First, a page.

3. SEPA transactions can’t be used for USD. And we need to switch to USD as many US banks don’t accept Euro transfers. It’s one of those one things forces another thing situation.

  4. are you kidding? no sepa anymore?
    Sorry – I don’t see the benefit for me or the people I support anymore. Everything is worse now, and it wasn’t shiny before. I will start to support the creators I like directly (SEPA!) and will have to do the micromanagement myself.
    good luck in the $ market. You lost a member who supported you for many years.

  5. Unfortunately i have to agree with Raymond.

    I don’t have a credit card and i am not interested in getting one. If you identified the US as the “market” to be, then so be it. Also the decision to push more money into financial institutes is likely not the best idea at this point in history…

    Why not support low-fee transactions with SEPA and in parallel the expansive credit-card based thing at the same time?

    I really regret losing this option to support creators…

  6. Raymond said exactly what I want to say.
    There is no real advantage in using flattr in Europe any more.
    Good bye and good luck!

  7. So you want to focus on the US market and no longer take my Euros? Sad. Good luck then – I guess you will loose most European supporters then. At least you lost me. I’ll close my account. Bye, Florian.

  8. Why not multiple currencies?
    Contributors pay what ever they want anyway, isn’t it. So I love to pay Japanese Yen so let me pay Japanes Yen. And my brother loves the Swiss Franc. So let him pay Swiss Francs. That local money stays local as long it is my account.
    If I flattr someone, well then here is an exchange rate the moment I contribute and my money leaves my account and reaches the publishers account. Done.

  9. So, basically, you’re saying F* YOU to all of your european users? I can’t really believe this.
    I really think you should re-examine your USP. There _is_ already a patreon. That spot has been taken. There is also paypal. Those are not going anywhere.
    There was, however, a spot for a europe-centric payment method. I guess that is now up for grabs?

    I was always OK with you making money (and you were always transparent about it), in fact this was/is one of the strong advantages. I am not fond of adding _another_ middle man and a currency conversion.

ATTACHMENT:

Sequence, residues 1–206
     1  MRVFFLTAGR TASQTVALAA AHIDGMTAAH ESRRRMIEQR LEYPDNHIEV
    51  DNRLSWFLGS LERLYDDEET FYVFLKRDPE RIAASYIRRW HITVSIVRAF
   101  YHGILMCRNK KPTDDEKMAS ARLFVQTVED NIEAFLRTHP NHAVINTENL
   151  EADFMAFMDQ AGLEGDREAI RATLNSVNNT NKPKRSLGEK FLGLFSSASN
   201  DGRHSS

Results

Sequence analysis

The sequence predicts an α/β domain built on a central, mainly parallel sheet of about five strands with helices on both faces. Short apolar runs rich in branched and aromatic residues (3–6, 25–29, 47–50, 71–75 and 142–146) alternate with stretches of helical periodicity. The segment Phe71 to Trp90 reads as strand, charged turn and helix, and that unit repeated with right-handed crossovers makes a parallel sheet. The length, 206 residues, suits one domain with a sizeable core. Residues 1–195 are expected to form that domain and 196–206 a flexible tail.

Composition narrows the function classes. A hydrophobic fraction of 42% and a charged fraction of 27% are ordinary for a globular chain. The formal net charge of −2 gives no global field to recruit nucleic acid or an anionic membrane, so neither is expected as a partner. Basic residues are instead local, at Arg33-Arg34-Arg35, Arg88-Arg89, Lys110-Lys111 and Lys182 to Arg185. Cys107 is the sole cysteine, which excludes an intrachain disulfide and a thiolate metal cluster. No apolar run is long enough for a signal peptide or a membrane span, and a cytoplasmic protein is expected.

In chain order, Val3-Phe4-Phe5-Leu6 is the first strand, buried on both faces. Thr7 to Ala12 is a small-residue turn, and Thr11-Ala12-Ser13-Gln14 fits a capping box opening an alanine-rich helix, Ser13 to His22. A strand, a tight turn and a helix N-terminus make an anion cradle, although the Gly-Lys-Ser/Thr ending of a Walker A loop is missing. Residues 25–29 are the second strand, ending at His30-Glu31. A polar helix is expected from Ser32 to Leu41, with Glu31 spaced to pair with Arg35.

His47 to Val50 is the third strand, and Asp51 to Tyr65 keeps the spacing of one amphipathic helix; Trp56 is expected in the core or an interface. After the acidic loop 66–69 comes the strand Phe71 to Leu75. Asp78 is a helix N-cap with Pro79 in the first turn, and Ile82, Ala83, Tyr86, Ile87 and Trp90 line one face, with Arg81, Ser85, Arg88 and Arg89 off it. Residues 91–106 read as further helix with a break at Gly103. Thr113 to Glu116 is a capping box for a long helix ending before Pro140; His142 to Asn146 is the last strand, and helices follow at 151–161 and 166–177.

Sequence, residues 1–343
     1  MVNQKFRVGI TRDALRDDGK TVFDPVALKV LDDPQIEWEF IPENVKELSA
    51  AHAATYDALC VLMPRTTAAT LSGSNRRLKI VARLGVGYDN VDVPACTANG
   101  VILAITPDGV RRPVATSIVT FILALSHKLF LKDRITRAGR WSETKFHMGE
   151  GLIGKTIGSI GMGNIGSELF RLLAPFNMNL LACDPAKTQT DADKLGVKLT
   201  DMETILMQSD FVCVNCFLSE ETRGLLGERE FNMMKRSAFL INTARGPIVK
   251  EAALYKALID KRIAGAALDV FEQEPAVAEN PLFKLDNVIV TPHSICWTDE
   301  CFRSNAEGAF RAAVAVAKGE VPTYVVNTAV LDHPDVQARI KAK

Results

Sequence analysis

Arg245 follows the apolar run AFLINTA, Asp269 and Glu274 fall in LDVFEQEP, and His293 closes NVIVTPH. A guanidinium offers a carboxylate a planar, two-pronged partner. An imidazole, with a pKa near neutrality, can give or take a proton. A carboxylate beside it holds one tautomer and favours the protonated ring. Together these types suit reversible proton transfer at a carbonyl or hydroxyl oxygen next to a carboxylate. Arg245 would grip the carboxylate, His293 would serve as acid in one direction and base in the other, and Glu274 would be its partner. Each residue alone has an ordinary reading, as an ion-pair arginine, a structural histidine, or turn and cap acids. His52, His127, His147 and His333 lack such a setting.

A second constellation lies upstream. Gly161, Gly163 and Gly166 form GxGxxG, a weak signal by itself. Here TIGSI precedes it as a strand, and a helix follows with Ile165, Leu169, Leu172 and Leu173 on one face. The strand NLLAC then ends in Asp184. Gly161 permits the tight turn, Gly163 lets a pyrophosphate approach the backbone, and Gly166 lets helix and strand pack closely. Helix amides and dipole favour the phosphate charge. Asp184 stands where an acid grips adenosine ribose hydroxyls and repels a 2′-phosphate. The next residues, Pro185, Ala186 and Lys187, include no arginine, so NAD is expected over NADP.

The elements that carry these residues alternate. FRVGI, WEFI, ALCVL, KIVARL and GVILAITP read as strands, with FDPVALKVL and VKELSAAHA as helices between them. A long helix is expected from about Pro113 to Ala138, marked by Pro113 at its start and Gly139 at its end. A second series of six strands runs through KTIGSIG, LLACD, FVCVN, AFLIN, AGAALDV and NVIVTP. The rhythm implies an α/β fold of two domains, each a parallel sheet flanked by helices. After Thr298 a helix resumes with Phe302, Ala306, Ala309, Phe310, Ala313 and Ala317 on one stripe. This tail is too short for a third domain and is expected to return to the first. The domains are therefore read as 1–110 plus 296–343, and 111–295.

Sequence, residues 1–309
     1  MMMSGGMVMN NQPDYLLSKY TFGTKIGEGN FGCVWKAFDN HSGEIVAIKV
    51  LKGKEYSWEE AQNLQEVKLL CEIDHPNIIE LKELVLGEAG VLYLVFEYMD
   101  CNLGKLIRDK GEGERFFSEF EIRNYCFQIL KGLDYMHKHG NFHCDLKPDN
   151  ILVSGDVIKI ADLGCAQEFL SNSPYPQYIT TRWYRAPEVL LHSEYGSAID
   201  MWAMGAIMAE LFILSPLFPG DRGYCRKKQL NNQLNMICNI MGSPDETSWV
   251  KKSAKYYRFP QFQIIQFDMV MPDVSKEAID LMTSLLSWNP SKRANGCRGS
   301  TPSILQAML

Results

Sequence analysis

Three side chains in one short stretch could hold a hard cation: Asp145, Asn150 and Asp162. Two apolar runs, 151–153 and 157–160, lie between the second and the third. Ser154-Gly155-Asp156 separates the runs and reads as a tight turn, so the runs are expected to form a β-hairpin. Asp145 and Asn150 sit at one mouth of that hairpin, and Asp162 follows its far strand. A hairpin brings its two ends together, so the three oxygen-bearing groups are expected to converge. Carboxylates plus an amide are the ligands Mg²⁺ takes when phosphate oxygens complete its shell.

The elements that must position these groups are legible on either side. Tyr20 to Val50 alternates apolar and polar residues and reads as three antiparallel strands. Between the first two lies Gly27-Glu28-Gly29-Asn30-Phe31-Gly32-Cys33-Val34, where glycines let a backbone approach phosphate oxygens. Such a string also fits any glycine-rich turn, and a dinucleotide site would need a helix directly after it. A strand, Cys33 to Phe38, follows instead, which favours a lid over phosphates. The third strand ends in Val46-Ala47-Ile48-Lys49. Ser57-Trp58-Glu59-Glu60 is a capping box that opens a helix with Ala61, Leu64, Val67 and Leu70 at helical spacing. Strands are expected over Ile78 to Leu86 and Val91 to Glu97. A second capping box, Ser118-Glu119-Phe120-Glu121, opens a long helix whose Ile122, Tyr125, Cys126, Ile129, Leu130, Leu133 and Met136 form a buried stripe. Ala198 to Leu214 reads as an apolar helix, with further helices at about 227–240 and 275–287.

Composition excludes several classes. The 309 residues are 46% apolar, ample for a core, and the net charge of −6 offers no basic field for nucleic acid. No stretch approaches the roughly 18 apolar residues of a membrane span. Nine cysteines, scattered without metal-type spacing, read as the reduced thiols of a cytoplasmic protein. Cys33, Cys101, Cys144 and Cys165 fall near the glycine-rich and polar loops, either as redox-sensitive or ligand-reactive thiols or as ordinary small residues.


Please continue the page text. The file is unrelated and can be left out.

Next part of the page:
10. Souleyes. We opted to switch to USD because that is the currency the majority of people in the world knows and are familiar with. Cryptocurrency might be a great technical solution, but it rather scares people than anything else. (besides the fans of course)

  11. Linus,

    this statement is ridiculous “Souleyes. We opted to switch to USD because that is the currency the majority of people in the world knows and are familiar with. ”

    it was not already working that well, but now, like any european, user i say goodby and closing my account

    Cheers

  12. I understand your dilemma, which is a new challenge, Olson. But I wish you success, anyway. Amyrnes

  13. Switching to USD and cards not only increased fees to creators to a whopping 9%, but also adds fees for EU supporters (50 cents per non-Euro credit card transaction in my case).

    Also, with a total fee of 16.5% this is just a worse version of Patreon, which takes 10% and also allows PayPal.

    If the fees are so much of a concern, you should really consider pre-paid balances. That way I could load up my account with like $50 and support projects over many months without incurring additional fees. Heck, if done like this you could also enable Bitcoin payments. In addition, a pre-paid balance would protect me from spending too much: if my funds run out, send a warning e-mail and automatically pause my subscriptions!

  14. Mortier. Sorry to hear that. And as you say, it was not working well enough, in most cases because what we had was not familiar enough for the majority of internet users. We are trying to make it more approachable for all, then drastic changes are sometimes needed. And you are always welcome back.